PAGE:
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The JOY of Being an Autism Dad

November 11, 2020
By Eric Hazeldine
autism dad

Learning about Finley's Autism diagnosis at age three was overwhelming. I cried because I was scared and didn't know what it meant for Finley or our family. His whole life flashed before my eyes. Would he be ok? Would he be happy? Could he enjoy himself and his family and friends?

Finley was our first child. As I reflect on the time of his diagnosis and the years following, our world quickly became intense and stressful. Our singular focus was to get Finley everything we thought he would need to develop. The right school, the right therapists, the right activities.

When Finley was 6 or 7, I noticed that he communicated better with me (and his mom and younger brother) than he did with others. I realized that he was comfortable making eye contact with us, but not others. It became clear that the comfort of the family bond was helping him communicate better with us.

It was a lightbulb moment. I realized how important my relationship with Finley was to his development. With me, he had a "head start" and was more expressive. He gave more within our family unit than he could give to the world around him. Our relationship blossomed, and it was reciprocal. I was finally open to receive from Finley what all parents experience - the joy of seeing the world through their child's eyes. And, as our connection grew, I could clearly see how meaningful our relationship was for him. Being present and meeting him where he was socially and emotionally was me showing up for Finley in the best possible way. It was my job to give him the opportunity to have experiences and make memories when he was most comfortable and able to be himself. And this is when Finley is at his best. This is when Finley can take it all in. As a dad, watching this happen... well, it can be thrilling.

And, while I can still get anxious when I think of Finley's future, spending time with him now is something that gives me comfort and joy. And I am not near as anxious as I used to be, because I know he is well on his way to being the best person he can be.

Finley says that the weekend is "when I don't have to go to school, and you don't have to go to work." It feels great when someone else is excited to spend time with you on the weekend. So, I'm really looking forward to this weekend and spending time with Finley. We may go golfing on Saturday with his brother and grandpa. On the golf course, Finley likes to drive the cart, and I like to be his passenger.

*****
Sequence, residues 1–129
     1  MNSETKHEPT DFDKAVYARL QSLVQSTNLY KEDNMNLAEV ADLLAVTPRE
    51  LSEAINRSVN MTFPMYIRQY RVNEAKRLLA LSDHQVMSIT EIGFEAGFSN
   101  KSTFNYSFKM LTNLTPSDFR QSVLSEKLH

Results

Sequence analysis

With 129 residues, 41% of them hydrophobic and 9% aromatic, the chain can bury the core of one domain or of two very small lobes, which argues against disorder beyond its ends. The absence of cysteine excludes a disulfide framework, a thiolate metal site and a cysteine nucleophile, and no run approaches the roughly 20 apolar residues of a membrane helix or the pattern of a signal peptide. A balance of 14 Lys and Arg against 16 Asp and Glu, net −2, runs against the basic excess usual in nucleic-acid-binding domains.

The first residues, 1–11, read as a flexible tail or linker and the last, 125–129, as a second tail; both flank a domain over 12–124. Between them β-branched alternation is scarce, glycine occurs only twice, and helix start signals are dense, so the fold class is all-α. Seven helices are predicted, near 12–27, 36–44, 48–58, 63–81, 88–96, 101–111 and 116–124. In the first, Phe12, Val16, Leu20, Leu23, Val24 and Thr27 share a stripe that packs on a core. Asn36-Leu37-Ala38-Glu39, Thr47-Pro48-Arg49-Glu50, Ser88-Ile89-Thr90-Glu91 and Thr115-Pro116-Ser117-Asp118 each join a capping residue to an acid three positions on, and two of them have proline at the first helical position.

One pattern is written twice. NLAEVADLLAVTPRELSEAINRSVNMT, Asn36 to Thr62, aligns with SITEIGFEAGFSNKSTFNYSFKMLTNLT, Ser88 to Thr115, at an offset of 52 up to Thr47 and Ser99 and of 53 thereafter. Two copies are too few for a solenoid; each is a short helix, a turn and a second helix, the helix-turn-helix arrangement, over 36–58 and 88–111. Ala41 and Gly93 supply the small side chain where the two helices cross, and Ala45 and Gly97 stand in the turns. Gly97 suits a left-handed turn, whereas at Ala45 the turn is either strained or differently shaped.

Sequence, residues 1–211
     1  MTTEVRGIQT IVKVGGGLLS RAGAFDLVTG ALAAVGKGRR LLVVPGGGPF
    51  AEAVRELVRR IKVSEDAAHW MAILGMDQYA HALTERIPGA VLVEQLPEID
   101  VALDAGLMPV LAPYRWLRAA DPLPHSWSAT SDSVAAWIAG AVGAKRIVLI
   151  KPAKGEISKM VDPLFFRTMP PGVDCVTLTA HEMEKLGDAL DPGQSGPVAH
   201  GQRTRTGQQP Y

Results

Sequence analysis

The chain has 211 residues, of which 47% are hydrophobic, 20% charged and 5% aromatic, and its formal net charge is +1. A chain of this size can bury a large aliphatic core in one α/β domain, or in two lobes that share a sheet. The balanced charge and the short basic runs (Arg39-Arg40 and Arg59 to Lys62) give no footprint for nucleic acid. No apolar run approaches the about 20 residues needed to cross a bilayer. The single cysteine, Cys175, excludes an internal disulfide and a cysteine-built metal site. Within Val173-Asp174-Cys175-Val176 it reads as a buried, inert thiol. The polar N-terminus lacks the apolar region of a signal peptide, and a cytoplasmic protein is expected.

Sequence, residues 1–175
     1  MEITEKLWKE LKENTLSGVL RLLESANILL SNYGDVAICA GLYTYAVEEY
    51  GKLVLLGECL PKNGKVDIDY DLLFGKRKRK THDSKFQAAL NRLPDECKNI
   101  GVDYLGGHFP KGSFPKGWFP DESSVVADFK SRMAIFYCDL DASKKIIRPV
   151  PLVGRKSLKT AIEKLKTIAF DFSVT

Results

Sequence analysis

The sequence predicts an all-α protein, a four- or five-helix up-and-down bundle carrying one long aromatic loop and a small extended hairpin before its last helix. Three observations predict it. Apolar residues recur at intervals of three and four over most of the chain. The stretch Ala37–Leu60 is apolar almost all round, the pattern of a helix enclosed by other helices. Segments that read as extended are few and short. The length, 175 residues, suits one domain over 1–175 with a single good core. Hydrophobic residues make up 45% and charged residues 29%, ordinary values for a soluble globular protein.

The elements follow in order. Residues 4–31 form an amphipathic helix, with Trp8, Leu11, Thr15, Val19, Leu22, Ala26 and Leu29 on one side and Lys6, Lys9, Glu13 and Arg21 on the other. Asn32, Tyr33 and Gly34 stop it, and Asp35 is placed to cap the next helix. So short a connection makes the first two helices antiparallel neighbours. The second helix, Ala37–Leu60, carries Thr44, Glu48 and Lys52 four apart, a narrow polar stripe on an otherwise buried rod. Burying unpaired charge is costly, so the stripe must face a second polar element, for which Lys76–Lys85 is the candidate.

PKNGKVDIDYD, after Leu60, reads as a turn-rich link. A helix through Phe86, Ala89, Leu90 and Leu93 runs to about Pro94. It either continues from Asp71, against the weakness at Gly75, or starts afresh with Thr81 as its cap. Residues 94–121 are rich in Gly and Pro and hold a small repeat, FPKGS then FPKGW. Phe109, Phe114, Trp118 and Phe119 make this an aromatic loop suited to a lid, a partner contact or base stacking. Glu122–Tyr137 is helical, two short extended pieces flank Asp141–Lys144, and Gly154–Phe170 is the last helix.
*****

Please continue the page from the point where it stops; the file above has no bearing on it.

Penelope Khuri says:
November 12, 2020 09:40 AM CST

This is beautiful. Thank you Eric for being so willing to share your experience as an autism dad.


Imran Rahman says:
November 12, 2020 12:13 PM CST
What a great read and helpful to see how Finley takes in the world with you and the Family. Great read and great Dad!

Elias Fernandez says:
November 12, 2020 01:13 PM CST
My daughter Paulina, was also diagnosed around age 3 and it was a rollercoaster of thoughts & emotions. And you are right about it being a joy and thrill to see & hear the world through their eyes. The way they see the world with such a pure and innocent mindset, it always leaves me in awe. Good job dad!!! Keep up the good work.

Cathy Tufts says:
November 12, 2020 04:28 PM CST
Beautifully written. Thank you Eric.

Sherri Thompson says:
November 13, 2020 08:33 AM CST
Eric thank you for sharing this beautiful story! You are such an incredible Dad to your AMAZING son! Your 2nd grade teacher is beaming with pride☀️ Sure do love you♥️

Claudia Swisher says:
November 13, 2020 09:18 AM CST
Oh, Eric. I am so proud of you and your fierce advocacy for Finley. You are JUST the dad he needs to grow and thrive. This old teacher is in tears.

Phyllis Browning says:
November 13, 2020 04:02 PM CST
This is beautifully written by a father who is truly rising to the occasion of great leadership for his son. As a retired teacher, it is wonderful to have a father share his,” turning on his light bulb” moment. His honesty should be a model for all fathers.